problems of heredity and evolution. The Society’s most active members –
Serebrovskiy, Levit, and Iosif Agol – experimented with Drosophila genetics and
mutations, while some others – Smirnov, Boris Kuzin and Yuliy Vermel’ – believed in
the inheritance of acquired characters and in 1926 invited the prominent Viennese
Lamarckian, Paul Kammerer, to head a special laboratory at the Communist Academy
(Gaissinovich 1980b; Koestler 1971). In 1929, after several years of heated
controversy, the genetics camp appeared to have won. Smirnov was the only
Lamarckian who had been included in the Commission on Hybridization, and
although he disagreed with other members on what was, precisely, the Marxist
approach in biology, they all apparently were in favor of Ivanov’s experiment. After
all, regardless of their clashes over genetics, all commission members shared some
common values, in particular a predisposition towards scientific control of life and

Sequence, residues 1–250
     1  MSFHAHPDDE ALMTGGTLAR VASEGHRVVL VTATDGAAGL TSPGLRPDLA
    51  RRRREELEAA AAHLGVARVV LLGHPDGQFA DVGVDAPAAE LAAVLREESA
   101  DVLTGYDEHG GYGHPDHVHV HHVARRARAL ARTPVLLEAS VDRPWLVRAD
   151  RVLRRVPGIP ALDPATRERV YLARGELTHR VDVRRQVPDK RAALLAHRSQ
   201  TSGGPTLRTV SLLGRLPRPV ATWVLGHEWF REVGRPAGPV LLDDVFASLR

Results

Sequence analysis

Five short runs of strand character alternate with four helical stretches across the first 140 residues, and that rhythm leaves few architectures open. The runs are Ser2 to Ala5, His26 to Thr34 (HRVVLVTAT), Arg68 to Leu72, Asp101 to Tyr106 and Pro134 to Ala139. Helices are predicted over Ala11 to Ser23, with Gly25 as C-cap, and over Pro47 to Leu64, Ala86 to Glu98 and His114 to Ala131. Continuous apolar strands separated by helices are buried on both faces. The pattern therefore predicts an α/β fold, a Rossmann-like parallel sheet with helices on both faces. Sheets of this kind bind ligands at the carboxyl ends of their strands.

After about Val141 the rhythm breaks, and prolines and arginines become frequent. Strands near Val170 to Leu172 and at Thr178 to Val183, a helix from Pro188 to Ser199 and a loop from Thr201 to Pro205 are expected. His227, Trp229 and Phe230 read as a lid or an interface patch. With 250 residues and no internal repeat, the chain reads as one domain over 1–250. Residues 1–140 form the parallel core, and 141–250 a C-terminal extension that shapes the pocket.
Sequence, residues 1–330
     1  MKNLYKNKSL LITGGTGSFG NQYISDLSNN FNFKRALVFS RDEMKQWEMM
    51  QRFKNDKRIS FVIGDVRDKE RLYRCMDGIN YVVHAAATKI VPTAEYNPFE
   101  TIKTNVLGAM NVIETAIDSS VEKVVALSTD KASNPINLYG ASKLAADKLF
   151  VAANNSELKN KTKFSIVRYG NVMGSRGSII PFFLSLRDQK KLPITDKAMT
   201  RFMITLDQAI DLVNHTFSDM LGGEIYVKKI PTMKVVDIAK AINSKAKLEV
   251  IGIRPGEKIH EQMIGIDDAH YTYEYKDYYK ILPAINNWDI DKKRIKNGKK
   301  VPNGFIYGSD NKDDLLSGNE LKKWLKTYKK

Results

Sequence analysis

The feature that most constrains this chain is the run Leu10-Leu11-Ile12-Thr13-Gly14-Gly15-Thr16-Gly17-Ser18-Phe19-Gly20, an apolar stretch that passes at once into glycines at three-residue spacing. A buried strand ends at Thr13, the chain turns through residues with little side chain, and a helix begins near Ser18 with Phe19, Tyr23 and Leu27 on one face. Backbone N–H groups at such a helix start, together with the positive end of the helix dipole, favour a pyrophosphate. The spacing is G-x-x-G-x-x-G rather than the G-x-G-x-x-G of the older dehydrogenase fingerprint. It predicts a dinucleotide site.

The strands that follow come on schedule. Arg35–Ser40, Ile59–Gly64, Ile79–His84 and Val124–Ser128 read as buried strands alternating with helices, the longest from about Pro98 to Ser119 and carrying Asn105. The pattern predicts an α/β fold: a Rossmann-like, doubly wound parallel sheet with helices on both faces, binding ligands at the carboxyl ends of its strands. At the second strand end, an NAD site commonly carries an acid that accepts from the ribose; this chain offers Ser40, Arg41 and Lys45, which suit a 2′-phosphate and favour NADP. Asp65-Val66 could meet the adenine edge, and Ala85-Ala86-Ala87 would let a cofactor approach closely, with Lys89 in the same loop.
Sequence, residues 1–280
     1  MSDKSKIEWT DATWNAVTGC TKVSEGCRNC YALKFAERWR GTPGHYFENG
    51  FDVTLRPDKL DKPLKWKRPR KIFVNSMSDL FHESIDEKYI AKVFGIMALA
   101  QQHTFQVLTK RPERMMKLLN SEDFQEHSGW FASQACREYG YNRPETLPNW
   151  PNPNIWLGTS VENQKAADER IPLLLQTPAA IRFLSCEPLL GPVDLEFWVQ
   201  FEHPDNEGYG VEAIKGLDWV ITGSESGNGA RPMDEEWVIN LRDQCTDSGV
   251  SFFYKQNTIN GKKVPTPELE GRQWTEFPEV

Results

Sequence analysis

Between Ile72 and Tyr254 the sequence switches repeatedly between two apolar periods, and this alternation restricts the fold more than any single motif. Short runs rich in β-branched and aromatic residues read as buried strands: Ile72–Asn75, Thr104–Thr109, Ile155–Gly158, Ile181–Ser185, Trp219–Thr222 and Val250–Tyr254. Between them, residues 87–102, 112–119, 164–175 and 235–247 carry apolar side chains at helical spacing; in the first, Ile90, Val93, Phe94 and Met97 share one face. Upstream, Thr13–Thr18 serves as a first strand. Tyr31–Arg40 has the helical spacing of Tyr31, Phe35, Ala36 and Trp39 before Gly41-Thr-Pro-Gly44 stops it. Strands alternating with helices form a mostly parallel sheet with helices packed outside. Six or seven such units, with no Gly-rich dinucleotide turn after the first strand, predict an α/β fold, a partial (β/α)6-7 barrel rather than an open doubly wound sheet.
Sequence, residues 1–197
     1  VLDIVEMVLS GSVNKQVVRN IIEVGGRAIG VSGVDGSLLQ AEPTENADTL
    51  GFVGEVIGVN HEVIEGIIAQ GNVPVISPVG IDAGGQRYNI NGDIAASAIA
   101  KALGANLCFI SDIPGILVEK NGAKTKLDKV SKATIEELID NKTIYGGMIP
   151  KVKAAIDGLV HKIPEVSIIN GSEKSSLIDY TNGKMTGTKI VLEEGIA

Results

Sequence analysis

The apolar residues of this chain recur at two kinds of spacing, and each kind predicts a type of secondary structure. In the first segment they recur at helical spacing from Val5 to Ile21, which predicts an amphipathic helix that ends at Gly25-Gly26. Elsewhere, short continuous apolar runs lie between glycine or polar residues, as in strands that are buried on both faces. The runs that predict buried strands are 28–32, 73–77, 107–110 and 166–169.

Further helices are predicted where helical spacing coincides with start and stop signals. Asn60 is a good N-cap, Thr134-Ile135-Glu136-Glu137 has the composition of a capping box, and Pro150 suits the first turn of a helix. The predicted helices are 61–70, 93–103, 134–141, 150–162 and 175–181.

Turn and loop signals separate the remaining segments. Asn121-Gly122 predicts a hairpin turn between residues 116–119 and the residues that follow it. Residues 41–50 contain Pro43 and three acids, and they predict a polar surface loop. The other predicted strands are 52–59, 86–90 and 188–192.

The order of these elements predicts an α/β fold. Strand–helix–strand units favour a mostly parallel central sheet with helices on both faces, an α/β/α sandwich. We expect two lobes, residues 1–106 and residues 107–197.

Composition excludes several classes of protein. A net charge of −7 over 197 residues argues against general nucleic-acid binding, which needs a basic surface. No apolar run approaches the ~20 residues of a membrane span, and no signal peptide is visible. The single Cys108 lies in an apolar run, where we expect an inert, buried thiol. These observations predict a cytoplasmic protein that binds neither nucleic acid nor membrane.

active human interference into biological evolution (see Gaissinovich 1980b).
Planning experiments in Sukhum, the commission chose the insemination of
women volunteers with the sperm of an ape as the only realistic option. After all, the
Sukhum station still struggled with the problem of acclimatization, and by the
summer of 1929 had only one post-pubescent ape, Tarzan, a 26-year-old orangutan
male. The Commission decided to “attract the participation of women in possibly big
numbers – in any case, no less than five – whose interest would be of idealistic [or
ideological – ideyno zainteresovannykh] and not of monetary nature.”33 Besides being
31
The favorable decision was subsequently officially endorsed by the Section of Exact and Natural Sciences
and by the Communist Academy’s Presidium (see Society of Materialist Biologists, Record of the Session 23
April 1929, IP 1024, on p. 1; Presidium of Communist Academy, Sessions of its Bureau, 25 May and 1 June
1929, Records nos. 11 and 12, ARAN, 350-1-271, pp. 49, 57; Section of Natural and Exact Sciences,
Decision of its Bureau, 14 June 1929, ARAN 351-1-46, p. 39).
32
Levin, who earned his doctorate in comparative anatomy from Zurich university in 1913, later appeared as
the war commissar in the short-lived Bavarian Soviet Republic of 1919 and, after its fall, had to escape to